On January 13, 2017, the 7th Circuit affirmed an order of summary judgment in favor of the defendant in a wage discrimination lawsuit in which the plaintiff claimed that she was denied a pay increase and subjected to disparate pay on the basis of her age, sex and race, in violation of the Age Discrimination in Employment Act ("ADEA"), Title VII of the Civil Rights Act of 1964 ("Title VII"), and the Equal Pay Act ("EPA"). David v. Board of Trustees of Community College District No. 508, No. 15-2132 (7th Cir. 1/13/2017). She alleged that employees who were younger, non-African-American, or male were paid more than she was paid for equivalent work.
Employment Law Chicago Blog
On December 22, 2016, the 7th Circuit affirmed the district court's order granting summary judgment to the defendant on a claim under Illinois law that it violated the covenant of good faith and fair dealing by failing to pay the plaintiff his bonuses under his employment contract. Wilson v. Career Education Corporation, No. 16-1063 (7th Cir. 12/22/2016). The plaintiff alleged that the defendant owed him the payment of bonuses under an incentive compensation provision in his employment agreement. He alleged that the defendant violated the implied covenant of good faith and fair dealing, which is implied in all contracts under Illinois law. The bonus plan explicitly reserved to the company the right to terminate or amend the plan at any time for any reason at its sole discretion. However, this type of discretionary provision in a bonus plan is still subject to the covenant of good faith and fair dealing and, therefore, does not provide a company with absolute unfettered discretion to terminate an employee's bonus payments.
On December 20, 2016, the Illinois Appellate Court, First District, reversed an order of the trial court that had dismissed an employee's claims for breach of an employment agreement and promissory estoppel. Boswell v. City of Chicago, 2016 IL App (1st) 150871 (12/20/2016). Promissory estoppel is an employment law claim that is not dependent upon the existence of an employment contract. To state a claim for promissory estoppel, a employee must allege: (1) the employer made an unambiguous promise; (2) he relied on the promise; (3) his reliance was expected and foreseeable; and (4) he relied on the promise to his detriment. In this case, the employee alleged that the employer made representations that his employment would include certain terms and conditions, upon which he reasonably relied to his detriment by resigning from his previous employment and relocating his family to Chicago.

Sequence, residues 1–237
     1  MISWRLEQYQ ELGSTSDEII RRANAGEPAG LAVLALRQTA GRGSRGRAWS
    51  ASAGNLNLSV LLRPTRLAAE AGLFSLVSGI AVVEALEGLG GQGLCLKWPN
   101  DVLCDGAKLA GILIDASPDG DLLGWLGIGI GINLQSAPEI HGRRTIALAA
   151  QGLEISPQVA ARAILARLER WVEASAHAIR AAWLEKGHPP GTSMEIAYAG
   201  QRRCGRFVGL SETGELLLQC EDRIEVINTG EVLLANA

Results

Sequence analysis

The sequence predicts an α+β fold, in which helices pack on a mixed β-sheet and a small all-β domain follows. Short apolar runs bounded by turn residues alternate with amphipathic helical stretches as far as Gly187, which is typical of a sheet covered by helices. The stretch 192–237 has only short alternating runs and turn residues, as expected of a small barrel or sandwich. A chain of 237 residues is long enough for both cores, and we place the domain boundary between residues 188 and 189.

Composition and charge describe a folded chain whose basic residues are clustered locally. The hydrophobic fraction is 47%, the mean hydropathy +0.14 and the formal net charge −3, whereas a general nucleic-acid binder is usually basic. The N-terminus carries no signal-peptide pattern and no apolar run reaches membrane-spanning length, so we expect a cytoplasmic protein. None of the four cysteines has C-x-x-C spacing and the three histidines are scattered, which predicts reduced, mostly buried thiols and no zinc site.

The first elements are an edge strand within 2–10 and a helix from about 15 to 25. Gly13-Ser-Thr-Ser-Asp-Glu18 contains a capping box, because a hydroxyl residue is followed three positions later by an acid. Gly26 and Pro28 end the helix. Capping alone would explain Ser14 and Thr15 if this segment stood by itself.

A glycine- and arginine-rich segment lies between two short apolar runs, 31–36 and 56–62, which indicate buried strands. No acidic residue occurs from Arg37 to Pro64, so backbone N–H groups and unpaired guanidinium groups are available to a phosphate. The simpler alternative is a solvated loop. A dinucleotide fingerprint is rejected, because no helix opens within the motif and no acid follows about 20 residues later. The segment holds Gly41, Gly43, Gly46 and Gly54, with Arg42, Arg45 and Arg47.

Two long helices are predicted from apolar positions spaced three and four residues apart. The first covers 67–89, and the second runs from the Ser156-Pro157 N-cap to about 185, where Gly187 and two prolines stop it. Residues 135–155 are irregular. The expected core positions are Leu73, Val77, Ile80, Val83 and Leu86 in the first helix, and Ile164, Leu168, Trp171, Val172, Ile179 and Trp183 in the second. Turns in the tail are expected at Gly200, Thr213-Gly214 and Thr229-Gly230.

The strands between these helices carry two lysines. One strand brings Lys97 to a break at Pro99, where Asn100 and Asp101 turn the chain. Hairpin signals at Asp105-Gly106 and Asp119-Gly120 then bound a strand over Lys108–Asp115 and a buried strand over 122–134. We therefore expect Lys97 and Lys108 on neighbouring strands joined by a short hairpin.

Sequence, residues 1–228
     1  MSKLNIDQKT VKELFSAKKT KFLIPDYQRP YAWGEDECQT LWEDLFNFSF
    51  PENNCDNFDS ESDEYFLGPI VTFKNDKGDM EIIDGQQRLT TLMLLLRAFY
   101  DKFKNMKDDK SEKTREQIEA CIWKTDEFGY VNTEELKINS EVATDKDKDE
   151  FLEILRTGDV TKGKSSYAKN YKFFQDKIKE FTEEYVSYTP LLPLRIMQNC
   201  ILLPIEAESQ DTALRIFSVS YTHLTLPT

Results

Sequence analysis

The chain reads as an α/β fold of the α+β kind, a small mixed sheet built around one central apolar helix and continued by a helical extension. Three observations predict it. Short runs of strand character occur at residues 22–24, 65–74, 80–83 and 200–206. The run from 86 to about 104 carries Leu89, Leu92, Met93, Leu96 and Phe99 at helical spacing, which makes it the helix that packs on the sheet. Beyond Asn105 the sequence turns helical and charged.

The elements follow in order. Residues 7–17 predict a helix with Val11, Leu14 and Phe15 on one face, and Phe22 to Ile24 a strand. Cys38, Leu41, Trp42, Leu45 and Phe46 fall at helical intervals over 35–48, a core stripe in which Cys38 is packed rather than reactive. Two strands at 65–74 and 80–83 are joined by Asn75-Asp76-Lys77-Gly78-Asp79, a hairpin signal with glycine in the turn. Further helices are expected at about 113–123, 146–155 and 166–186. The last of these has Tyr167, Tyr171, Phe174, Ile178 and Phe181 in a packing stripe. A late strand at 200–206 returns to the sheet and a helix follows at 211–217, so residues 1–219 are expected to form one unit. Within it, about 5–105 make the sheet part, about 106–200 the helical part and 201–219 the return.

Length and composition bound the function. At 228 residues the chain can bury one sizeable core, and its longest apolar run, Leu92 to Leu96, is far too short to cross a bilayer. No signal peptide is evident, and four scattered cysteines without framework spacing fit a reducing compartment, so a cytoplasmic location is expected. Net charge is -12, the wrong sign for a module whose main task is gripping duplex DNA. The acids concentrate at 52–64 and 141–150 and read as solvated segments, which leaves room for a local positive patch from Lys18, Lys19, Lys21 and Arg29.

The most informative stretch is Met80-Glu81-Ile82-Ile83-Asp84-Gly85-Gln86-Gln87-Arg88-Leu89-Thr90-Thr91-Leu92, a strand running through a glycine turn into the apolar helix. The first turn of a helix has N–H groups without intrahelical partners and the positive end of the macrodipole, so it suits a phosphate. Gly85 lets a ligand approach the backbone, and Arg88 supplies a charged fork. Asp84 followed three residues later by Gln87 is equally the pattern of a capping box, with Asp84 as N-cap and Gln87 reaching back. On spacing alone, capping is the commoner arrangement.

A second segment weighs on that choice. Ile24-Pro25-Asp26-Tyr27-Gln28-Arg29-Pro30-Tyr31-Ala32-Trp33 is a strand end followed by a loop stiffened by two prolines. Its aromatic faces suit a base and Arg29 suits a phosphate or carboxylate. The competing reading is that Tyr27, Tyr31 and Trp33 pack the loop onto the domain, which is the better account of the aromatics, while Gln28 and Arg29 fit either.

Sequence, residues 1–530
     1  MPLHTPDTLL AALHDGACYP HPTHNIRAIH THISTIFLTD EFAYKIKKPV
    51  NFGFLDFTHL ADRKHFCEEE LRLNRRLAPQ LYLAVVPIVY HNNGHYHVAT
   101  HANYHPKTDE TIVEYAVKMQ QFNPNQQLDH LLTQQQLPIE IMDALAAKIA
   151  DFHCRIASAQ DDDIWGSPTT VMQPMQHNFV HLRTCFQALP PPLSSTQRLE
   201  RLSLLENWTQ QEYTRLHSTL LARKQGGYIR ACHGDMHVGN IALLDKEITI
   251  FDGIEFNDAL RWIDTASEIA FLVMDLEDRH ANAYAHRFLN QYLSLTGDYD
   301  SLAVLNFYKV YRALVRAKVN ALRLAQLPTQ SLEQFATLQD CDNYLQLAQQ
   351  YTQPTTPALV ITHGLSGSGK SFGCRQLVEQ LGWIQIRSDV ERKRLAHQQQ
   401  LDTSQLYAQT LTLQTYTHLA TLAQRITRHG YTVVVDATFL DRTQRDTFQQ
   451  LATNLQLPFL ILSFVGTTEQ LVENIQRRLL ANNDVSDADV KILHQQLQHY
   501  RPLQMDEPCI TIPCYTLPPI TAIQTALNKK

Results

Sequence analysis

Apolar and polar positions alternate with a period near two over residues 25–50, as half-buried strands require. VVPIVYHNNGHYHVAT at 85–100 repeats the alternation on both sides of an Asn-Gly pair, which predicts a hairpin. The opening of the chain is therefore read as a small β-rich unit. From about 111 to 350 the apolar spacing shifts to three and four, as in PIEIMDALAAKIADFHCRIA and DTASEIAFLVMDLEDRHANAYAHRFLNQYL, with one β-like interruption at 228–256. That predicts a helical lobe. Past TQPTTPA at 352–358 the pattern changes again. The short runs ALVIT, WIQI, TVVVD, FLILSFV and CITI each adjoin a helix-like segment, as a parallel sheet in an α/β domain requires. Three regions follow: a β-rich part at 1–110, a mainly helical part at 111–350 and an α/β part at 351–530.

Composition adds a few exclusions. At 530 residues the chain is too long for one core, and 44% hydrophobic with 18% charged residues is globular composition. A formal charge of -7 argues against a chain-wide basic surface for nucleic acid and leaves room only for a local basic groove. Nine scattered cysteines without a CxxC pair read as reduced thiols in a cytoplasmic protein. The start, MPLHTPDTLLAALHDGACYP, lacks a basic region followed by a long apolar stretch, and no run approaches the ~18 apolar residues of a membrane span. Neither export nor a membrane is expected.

On January 9, 2017, the 7th Circuit affirmed a jury verdict in favor of an employee in a lawsuit in which the employee alleged that her former employer violated her rights under the Family and Medical Leave Act ("FMLA"). Wink v. Miller Compressing Company, No. 16-23365, 16-2339 (7th Cir. 1/9/2017). After a three-day trial, the jury reached a verdict in favor of the employee on her claim that the company unlawfully retaliated against her for exercising her FMLA right to take leave necessary to care for her sick child. She had asked the employer's human resources department to allow her FMLA leave to enable her to work from home two days a week, which would give her enough time to care for her child.
Here is a look back at 2016 7th Circuit employment law decisions, including significant trends and changes in employment law in the 7th Circuit, as well as a tally of decisions affirming and reversing summary judgments in employment law cases. Notably, in 2016, the 7th Circuit affirmed orders of summary judgment in 22 employment law cases, but reversed orders of summary judgment in only 5 employment law cases (10 calendar days remain, so the numbers may change). But as of this date the ratio is 4.4/1, i.e., 4.4 summary judgments were affirmed for every 1 summary judgment that was reversed. Put another way, of the 27 employment law summary judgments on appeal to the 7th Circuit in 2016, 81.5% were affirmed, while 18.5% were reversed. The 27 cases include employment discrimination, harassment, failure-to-accommodate, and retaliation claims under Title VII of the Civil Rights Act of 1964, the Age Discrimination in Employment Act, the Americans with Disabilities Act, the Family and Medical Leave Act, the Rehabilitation Act, Section 1981, the Illinois Human Rights Act, and Illinois common law.
In 2016, several new Illinois employment law statutes as well as a City of Chicago Ordinance were enacted, many of which expand employee leave of absence rights. Here is a summary of the new Illinois and Chicago employment laws.
Illinois Employee Sick Leave Act:
Illinois employers who provide paid sick leave must allow employees to use their paid sick leave time to care care for their immediate family members, parents-in-law, grandchildren or grandparents.
Illinois Child Bereavement Leave Act:
This blog is provided for general informational purposes only, does not constitute legal advice, and shall not be relied upon for any particular matter. Reading, reviewing, or otherwise using the blog shall not create any attorney-client relationship.